UK sparkling wine tasting highlights challenge to high street Champagne
- Monday 10 March 2008
In the first tasting of its kind at Decanter, over 60 sparkling wines from England, Wales and the Channel Islands were tasted by some of the world’s pre-eminent critics.
Decanter’s contributing editor Steven Spurrier drew positive comparisons with Champagne in the 1970s.
‘Very encouraging,’ said Spurrier. ‘A generation ago, Champagne was dodgy. Here, 90% of the wines were drinkable – not the case in Champagne in the 70s.’
‘If you had to say it, there were certainly a dozen with a good Champagne comparison,’ said Oz Clarke. ‘But I marked wines up if they had “Englishness” – a lovely hedgerow style and grassyness.’
The top three wines overall were Theale Vineyard Founder’s Reserve 2003, Meopham Valley rose and Plumpton Estate’s The Dean, in that order.
The tasters included UK wine expert Stephen Skelton MW, Champagne specialist Tom Stevenson, Oz Clarke, Benoit Gouez (chef de caves at Moet & Chandon), Waitrose’s Dee Blackstock MW, award-winning wine writer and Decanter columnist Andrew Jefford and Decanter’s contributing editor Steven Spurrier.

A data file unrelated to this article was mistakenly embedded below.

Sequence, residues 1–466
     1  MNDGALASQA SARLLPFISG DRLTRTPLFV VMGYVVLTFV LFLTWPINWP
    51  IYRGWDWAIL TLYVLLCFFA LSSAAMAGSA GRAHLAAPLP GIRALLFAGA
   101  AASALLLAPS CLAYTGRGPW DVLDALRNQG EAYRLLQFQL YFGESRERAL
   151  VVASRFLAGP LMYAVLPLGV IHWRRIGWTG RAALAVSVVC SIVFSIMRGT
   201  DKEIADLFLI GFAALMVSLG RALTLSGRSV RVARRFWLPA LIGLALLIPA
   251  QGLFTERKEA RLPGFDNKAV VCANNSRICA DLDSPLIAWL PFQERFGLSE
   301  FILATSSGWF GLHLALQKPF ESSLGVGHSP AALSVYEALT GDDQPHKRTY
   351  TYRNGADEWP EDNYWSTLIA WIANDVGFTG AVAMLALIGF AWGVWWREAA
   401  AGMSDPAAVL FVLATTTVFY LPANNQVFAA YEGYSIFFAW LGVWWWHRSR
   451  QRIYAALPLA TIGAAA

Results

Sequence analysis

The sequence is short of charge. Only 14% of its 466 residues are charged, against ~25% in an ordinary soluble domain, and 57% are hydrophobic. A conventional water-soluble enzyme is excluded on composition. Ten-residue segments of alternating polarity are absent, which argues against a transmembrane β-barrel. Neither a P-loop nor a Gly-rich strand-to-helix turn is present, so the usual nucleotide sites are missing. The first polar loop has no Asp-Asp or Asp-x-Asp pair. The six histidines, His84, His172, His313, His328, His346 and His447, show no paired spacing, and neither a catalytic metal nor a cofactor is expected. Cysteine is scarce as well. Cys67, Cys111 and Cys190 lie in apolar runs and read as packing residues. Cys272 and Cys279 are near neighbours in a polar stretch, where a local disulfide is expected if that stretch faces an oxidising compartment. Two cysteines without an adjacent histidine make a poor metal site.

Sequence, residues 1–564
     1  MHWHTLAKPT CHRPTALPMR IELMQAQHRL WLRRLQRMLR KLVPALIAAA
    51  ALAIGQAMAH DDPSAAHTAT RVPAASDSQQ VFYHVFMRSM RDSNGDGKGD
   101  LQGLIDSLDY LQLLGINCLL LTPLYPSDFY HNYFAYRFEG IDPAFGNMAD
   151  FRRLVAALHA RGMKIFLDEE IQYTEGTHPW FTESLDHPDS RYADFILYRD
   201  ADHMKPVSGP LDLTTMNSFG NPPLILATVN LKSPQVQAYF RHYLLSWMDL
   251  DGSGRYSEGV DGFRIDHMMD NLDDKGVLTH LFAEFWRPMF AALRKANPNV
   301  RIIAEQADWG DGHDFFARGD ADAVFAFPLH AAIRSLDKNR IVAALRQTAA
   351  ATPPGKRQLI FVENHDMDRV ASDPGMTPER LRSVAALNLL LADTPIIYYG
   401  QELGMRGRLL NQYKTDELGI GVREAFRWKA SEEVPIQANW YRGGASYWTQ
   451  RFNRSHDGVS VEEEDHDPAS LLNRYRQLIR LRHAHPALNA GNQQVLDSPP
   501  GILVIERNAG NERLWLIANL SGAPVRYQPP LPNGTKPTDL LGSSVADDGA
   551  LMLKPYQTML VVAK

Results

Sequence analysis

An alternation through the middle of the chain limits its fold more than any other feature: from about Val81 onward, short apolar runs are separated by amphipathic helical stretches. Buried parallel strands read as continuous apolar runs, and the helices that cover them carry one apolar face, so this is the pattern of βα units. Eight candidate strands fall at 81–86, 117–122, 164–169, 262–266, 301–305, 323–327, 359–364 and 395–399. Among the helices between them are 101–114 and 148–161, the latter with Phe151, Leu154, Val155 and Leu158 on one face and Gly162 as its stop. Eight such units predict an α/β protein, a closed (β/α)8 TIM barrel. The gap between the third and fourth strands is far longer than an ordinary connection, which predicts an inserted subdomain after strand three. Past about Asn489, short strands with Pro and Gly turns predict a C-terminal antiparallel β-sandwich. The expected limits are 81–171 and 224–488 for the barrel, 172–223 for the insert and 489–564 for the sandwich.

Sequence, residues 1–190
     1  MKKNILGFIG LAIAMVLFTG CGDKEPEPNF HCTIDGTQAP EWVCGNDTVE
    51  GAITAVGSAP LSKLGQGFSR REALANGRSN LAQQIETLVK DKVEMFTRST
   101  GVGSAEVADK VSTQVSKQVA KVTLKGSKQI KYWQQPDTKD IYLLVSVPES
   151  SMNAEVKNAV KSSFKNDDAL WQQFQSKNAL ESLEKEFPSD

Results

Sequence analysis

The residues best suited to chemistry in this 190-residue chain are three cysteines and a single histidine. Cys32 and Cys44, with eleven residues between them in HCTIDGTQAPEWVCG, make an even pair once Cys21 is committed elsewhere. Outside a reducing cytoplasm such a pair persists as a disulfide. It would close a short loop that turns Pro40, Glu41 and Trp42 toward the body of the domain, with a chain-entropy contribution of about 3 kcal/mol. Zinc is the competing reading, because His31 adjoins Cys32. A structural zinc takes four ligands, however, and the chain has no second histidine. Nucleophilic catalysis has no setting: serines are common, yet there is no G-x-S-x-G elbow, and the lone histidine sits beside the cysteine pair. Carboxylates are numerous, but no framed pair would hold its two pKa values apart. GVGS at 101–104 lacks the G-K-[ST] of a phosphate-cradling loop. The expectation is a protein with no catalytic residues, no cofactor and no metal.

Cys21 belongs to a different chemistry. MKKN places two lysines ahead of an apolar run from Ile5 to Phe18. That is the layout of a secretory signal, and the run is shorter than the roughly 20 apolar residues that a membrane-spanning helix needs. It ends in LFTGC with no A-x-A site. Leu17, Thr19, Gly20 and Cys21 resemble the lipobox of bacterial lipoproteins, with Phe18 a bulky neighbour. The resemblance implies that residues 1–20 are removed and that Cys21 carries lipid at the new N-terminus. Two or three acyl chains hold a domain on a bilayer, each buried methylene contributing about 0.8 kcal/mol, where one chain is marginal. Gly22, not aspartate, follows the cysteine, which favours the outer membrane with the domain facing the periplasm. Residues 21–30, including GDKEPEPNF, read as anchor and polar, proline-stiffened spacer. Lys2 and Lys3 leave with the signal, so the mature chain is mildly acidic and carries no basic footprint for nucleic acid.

For added interest, three non-vintage, high street Champagnes and one Sparkling wine from Napa were included in the line-up, which was tasted blind.
Duval-Leroy was the top-scoring Champagne, ranked joint seventh overall. It was beaten by UK offerings from Camel Valley, Ridgeview, Nytimber, Denbies and Balfour vineyards.
Although all agreed that the tasting was ‘encouraging’, Skelton, who chaired the tasting as research for his forthcoming book, said there were problems.
‘Acidity was always a problem with English sparkling wines and I don’t see that improving,’ he said. ‘That was the real problem with the good wines.’
Despite a rose wine coming second, he said there ‘certainly were some horrors [in the category].’
He added that in many cases producers had ‘jumped on the [sparkling wine] bandwagon’. Others agreed, citing winemaking faults and a lack of elegance in some wines.
‘Some from the non-champagne varieties would have been better without the bubbles,’ said Stevenson.
‘I was hoping we’d got over this,’ said Jefford, who terminated on a more positive note. ‘There were some quite good wines,’ he added. ‘We should keep trying. Had we done this 10 years ago, it would have a lot worse.’
Stephen Skelton MW, is updating his UK Vineyard Guide this year. It is expected to be published in April.